The message of everyone from LKJ to the Clash was taken up by others, including the Ruts, an all-white punk band that incorporated a reggae sound, nowhere more effectively than on “Jah War”, a searing commentary on police violence against black communities in London’s Southall area in 1979.

Sham 69

‘If the Kids Are United’

A street punk band with a street punk sound, Sham 69 was also present at the creation of Rock Against Racism and one of its first headline acts. Every movement needs its anthems, and “If the Kids Are United” was just the ticket.

The Beat

Stand Down Margaret

One of the more delightful by products of the cross-cultural fusion that occurred on the streets in the fight against Thatcherite austerity and National Front racism was the revival of ska in its amped up British form, personified by large ensemble bands such as the Beat and the Specials. Indeed, the Beat even incorporated Afropop guitar licks in their sweet poppy adaptation of Prince Buster’s rude reggae classic “Whine and Grind” into a polite if cheeky request to Margaret Thatcher to “stand down please!”

The Specials

‘It Doesn’t Make it Alright’

Those at the forefront of the scene that connected music with the politics of the streets were intimately aware of the constant danger of violence, and of the volatile situation just outside (or sometimes inside) the clubs at which they were playing. Probably the most heartfelt and beautiful anti-violence song of the era was the Specials plea for unity and against violence in “It Doesn’t Make it Alright.”

The Jam

That’s Entertainment

The Jam’s Paul Weller was musically perhaps the most gifted performer of that era, although he was barely 17 when Rock Against Racism began and his Mod-inspired band was on tour with the Clash. A fallout with the Clash may have alienated the band from the more overtly political scene initially, but the Jam went on to produce some of the most beautiful and poetic songs about growing up in Thatcher’s Britain and the politics of austerity — none more so than “That’s Entertainment”.

Elvis Costello

What’s So Funny (About Peace, Love and Understanding)?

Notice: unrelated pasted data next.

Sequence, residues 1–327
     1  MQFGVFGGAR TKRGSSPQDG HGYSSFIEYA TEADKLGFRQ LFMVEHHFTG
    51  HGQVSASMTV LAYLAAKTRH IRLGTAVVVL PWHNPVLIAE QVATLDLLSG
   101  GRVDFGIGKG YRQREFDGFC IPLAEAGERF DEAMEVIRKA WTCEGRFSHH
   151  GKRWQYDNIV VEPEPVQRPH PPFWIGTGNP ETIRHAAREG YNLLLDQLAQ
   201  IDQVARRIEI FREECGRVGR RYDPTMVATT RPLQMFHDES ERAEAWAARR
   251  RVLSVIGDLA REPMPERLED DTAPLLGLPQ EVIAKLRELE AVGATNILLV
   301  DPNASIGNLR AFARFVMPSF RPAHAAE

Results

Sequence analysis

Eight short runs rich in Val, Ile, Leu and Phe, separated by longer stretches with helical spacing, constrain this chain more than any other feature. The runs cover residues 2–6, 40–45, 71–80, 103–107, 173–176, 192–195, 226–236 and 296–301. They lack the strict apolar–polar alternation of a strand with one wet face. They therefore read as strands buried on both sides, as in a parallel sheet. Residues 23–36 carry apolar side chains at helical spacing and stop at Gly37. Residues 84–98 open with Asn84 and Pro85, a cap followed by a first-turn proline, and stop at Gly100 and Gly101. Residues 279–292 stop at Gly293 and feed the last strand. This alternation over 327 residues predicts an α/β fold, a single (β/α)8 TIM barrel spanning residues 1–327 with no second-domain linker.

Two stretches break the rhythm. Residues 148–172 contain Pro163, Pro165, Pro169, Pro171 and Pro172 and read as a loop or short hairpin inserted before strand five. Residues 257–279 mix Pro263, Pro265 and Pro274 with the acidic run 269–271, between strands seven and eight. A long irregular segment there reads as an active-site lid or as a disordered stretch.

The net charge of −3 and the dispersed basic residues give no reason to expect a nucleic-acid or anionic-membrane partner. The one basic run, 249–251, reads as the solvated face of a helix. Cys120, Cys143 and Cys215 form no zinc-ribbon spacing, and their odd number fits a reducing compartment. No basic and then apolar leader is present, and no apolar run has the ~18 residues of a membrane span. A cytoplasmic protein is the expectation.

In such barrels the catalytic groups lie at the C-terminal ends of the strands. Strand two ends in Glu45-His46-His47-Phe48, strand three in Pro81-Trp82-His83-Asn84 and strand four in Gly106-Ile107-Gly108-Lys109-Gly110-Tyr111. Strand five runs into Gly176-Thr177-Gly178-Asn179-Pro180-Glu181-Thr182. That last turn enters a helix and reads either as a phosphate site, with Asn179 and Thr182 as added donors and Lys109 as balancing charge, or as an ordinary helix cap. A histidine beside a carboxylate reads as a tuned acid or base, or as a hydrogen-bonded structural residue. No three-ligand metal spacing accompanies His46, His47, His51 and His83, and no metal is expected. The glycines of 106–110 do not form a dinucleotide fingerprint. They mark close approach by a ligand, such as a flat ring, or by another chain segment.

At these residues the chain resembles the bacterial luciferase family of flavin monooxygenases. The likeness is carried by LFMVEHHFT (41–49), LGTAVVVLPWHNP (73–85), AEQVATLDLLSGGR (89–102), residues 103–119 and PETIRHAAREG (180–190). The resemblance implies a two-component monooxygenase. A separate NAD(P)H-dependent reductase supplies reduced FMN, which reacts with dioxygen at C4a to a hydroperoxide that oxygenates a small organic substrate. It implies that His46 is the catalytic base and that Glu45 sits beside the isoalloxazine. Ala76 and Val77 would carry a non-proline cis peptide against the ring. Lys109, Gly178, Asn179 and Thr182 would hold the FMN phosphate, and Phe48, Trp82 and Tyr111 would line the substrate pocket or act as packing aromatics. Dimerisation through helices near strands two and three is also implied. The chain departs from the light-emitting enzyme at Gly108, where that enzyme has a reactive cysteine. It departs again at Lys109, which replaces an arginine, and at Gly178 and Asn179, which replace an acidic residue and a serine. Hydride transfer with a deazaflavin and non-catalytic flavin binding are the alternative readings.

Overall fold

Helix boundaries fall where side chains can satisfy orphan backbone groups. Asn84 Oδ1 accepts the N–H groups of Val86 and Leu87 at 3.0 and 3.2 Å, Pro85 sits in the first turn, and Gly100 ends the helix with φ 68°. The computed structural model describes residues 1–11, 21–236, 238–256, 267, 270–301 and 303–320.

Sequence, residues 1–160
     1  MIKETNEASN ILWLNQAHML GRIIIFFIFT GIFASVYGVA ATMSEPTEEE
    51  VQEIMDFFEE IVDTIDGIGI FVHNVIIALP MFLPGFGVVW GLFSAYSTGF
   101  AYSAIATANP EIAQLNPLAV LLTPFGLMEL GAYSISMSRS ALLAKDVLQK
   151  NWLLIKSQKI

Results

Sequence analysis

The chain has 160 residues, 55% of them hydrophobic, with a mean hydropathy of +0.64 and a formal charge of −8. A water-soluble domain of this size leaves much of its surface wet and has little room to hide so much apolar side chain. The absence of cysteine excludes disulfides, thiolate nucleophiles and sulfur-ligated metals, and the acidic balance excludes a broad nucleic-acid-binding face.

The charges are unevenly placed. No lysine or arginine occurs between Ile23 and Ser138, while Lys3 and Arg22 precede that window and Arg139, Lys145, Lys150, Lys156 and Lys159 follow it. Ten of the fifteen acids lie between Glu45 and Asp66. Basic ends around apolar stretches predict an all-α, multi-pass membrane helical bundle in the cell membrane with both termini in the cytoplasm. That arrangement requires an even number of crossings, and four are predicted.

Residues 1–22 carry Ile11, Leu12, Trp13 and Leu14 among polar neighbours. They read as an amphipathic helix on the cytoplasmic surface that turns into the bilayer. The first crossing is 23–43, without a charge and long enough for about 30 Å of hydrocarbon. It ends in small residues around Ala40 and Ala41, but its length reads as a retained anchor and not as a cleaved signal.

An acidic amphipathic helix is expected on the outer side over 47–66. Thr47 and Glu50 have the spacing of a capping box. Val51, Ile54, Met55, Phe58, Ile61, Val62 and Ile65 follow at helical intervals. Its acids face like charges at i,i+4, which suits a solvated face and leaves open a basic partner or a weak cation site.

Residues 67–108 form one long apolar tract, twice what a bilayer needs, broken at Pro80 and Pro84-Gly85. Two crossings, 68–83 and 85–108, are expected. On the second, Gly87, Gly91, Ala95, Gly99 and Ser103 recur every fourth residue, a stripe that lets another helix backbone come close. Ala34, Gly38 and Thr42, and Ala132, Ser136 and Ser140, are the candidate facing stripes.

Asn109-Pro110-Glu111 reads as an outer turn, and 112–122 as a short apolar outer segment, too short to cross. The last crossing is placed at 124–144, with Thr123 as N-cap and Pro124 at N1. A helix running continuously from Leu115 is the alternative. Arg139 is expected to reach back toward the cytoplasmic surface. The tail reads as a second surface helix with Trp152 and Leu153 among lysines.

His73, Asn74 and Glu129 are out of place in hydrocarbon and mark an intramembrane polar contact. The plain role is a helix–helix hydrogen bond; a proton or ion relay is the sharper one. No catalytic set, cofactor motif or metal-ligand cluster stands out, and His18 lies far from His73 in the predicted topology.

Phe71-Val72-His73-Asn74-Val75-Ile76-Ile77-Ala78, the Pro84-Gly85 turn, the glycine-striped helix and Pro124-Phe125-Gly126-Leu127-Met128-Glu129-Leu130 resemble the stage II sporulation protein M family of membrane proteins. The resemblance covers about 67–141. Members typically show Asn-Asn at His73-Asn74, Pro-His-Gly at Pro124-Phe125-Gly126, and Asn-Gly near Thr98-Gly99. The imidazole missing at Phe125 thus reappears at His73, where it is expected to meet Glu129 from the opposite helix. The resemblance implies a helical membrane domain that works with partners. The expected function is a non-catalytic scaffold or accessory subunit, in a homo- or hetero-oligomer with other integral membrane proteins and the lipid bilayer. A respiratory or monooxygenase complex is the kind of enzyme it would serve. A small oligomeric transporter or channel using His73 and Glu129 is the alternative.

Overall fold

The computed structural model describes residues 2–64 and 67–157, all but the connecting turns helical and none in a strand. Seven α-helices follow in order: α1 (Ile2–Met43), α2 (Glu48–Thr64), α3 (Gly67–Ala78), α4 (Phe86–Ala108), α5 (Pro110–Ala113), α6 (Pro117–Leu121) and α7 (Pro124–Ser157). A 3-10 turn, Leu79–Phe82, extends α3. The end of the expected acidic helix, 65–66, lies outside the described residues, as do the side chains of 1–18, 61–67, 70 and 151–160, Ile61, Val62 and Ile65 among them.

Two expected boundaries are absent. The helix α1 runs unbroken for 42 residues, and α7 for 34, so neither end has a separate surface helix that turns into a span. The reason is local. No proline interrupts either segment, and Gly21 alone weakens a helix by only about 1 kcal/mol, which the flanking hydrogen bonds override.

Elvis Costello is arguably the finest song-writer in a generation, and his work is far too sophisticated to be pigeonholed in any narrow categories — indeed, it has traversed the spectrum. But he came of age in the same late ’70s cauldron as the Clash, and he took his pioneering New Wave sound onstage at one of the earliest Rock Against Racism concerts, leaving no doubt about his willingness to take sides — and to lend his own side a measure of humor and irony as a variation on the anger of some of his peers.

London riots: BBC apologises for accusing Darcus Howe – Telegraph: here.

Billy Bragg: Time for the voiceless to use music again: here.

A police officer was caught on CCTV allegedly kicking and beating a black teenager just hours after his colleague was recorded apparently racially abusing another young black man arrested during last summer’s London riots: here.

English riots´ aftermath


I predict a riot is the title of a song by the Kaiser Chiefs. Here the 'I' is changed to 'We' to provide an ironic comment on the use of excessive force by police during the G-20 protests, which resulted in the death of one man and 70 complaints by alleged victims or witnesses to brutality

Bristol, the sixth largest city in England with a metropolitan population of one million people, witnessed two nights of rioting on Monday and Tuesday last week. According to the Bristol Evening Post, hundreds of young people were involved in the areas of St Paul’s, Montpelier, St Werburgh’s, Kingswood, Stokes Croft and Cabot Circus shopping centre. Eyewitness accounts indicate the incidents erupted separately and were not the result of one group moving from one place to another: here.

Workers speak out on British riots: “The system is not viable”: here.

Government considers curfew powers following UK riots: here.

Jails were said to be on the brink of becoming “human warehouses” today as prisoner numbers hit a record high for the second week running in the wake of the riots: here.

Judge Andrew Gilbart’s release of Ursula Nevin from her five-month jail sentence for receiving a stolen pair of shorts stands out as an island of reason in an ocean of legal insanity: here.

UK riots: nearly 2,000 arrested so far, say police: here.

Prison reform campaigners said today the rush to remand suspected rioters in prison has “compounded a long-standing problem of excessive use of custody”: here.

Campaigners warned against police being allowed to act with impunity today after an alarming escalation in deaths in custody in recent weeks: here.

CRISPIN Blunt, the justice minister, announced yesterday that instructions were being issued to the courts to the effect that unemployed offenders sentenced to the new community payback scheme would be forced to work for eight hours a day in ‘community service’ and on the fifth day they should be forced to look for work: here.

An innocent man who spent nine days locked up after being wrongly accused of setting fire to a Miss Selfridge store in Manchester spoke of his prison “hell” today: here.

Three weeks after the outbreak of widespread rioting in London, the Metropolitan Police continue to hunt down anyone suspected of involvement: here.

One month after major disturbances were provoked by the August 4 police killing of Mark Duggan in north London, the Metropolitan Police are intensifying raids on working class neighbourhoods: here.

Last month’s riots were again linked to poverty today by new research that showed that more a third of those taken to court in London lived in the city’s poorest boroughs: here.

The riots triggered by the police killing of Mark Duggan on August 4 have unleashed a wave of legal repression, including numerous raids by armed response units seeking to arrest alleged rioters: here.